As with many cultural or religious groups, Jewish people abide by a number of rules and guidelines when it comes to burying their loved ones.
Jump ahead to these sections:
- What’s a Jewish Cemetery?
- Who’s Allowed to Be Buried at a Jewish Cemetery?
- Jewish Cemetery Burial and Headstone Rules
- Jewish Cemetery Rules for Visitors
If you’re getting ready to purchase a plot for your loved one, planning to attend the funeral of a Jewish friend, or you simply want to visit a grave, read on. Understanding the rules and guidelines Jewish people abide by will help you follow the correct cultural and religious etiquette.
What’s a Jewish Cemetery?
In Jewish law, Jewish people are supposed to be buried on property owned by Jews. They also shouldn’t be buried in a mixed or non-Jewish cemetery if at all possible.
Jewish cemeteries serve the needs of Jewish communities by providing a kosher place for burial within the religious structure and observances required by Jewish law.
Who’s Allowed to Be Buried at a Jewish Cemetery?
According to Jewish law, non-Jews should not be buried in a Jewish cemetery. It might come as a surprise, but this rule applies to spouses, as well. In practice, Jewish cemeteries differ on this ruling.
Orthodox Jewish cemeteries will generally not allow the burial of a Jew and non-Jewish spouse in the cemetery. Reform Jewish cemeteries might allow the burial of non-Jewish spouses. Finally, some Jewish cemeteries will allow it as long as the non-Jewish spouse is buried a minimum of 72 inches away from any Jewish grave, including the grave of their spouse.
Jewish Cemetery Burial and Headstone Rules
When you combine Jewish rules, funeral traditions, and beliefs handed down through the years, you get very well-defined burial and headstone guidelines. Jewish burial and headstone etiquette share few similarities with western cultural traditions. Understanding these rules will prepare you when it comes time to bury your loved one or visit their grave.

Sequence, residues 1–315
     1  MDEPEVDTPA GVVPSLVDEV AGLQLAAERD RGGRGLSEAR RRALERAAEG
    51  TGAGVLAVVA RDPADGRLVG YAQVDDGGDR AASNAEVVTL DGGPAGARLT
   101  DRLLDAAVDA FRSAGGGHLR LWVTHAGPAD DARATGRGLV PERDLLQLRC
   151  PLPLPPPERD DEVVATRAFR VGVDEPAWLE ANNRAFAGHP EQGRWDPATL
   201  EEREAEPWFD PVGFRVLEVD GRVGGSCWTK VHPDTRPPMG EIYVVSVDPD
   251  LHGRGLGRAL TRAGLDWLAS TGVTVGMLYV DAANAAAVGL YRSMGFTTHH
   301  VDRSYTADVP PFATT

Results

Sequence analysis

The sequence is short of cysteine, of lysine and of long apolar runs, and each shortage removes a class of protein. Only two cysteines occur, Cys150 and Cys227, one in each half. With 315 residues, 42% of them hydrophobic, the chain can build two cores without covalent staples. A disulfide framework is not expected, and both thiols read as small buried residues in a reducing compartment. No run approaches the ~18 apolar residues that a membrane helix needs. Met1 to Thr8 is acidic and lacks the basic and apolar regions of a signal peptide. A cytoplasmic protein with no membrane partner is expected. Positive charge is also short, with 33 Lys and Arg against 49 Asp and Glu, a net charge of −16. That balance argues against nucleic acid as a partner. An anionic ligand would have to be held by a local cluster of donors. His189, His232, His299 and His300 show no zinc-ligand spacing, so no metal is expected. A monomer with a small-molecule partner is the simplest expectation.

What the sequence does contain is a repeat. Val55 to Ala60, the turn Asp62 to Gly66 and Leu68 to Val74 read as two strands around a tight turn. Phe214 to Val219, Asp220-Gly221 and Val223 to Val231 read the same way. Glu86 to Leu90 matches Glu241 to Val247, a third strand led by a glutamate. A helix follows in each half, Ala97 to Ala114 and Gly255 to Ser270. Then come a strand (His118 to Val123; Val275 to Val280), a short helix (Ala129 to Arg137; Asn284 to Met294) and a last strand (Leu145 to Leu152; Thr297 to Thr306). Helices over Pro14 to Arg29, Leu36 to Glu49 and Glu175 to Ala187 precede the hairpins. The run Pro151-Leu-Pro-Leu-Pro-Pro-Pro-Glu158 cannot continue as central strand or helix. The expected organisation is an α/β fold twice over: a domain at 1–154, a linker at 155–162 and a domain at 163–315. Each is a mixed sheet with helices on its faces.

As with most things in life, these rules are general in nature. You might find some Jewish cemeteries that make exceptions as noted below. You might also find some differences between Orthodox Jewish cemeteries and Reform Jewish cemeteries.
Husband and wives might be separated
Depending on the individual cemetery, Jewish husbands and wives might be buried side-by-side or they might be separated into a men’s and a women’s section.
Burial is to be in-ground
Above-ground mausoleums are not allowed by Jewish law. All Jews are to be buried in the ground. This is based on a verse from the Torah that reads, “For dust thou art, and unto dust shalt thou return” (Genesis 3:19).
Burial should occur in such a way that the body can return to the ground as it decomposes. If above-ground burial is an absolute necessity, such as in New Orleans, the coffin should be filled with dirt and the mausoleum should enclose the grave.
The casket must be biodegradable
This is another rule that finds its roots in Genesis 3:19. Kosher caskets are made entirely from wood to allow the body to decompose and return to dirt.
Wood and other biodegradable caskets are appropriate for this process. There should be no metal, and all fabric inside the casket should be biodegradable, as well.
Graves face east
Traditionally, Jewish people prayed toward Jerusalem. This tradition continued when they were forced to flee their homeland and live in the diaspora. Today, in addition to praying facing east, graves are also positioned to face the east.